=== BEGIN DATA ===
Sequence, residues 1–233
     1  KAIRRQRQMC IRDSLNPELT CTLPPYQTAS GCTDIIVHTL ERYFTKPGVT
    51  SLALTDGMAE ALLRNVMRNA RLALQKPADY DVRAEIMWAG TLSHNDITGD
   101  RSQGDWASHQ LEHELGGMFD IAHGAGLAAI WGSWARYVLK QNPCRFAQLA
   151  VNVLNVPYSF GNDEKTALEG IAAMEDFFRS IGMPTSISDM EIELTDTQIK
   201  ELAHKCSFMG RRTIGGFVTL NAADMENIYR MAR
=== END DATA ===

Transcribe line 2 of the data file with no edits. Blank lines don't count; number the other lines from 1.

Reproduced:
     1  KAIRRQRQMC IRDSLNPELT CTLPPYQTAS GCTDIIVHTL ERYFTKPGVT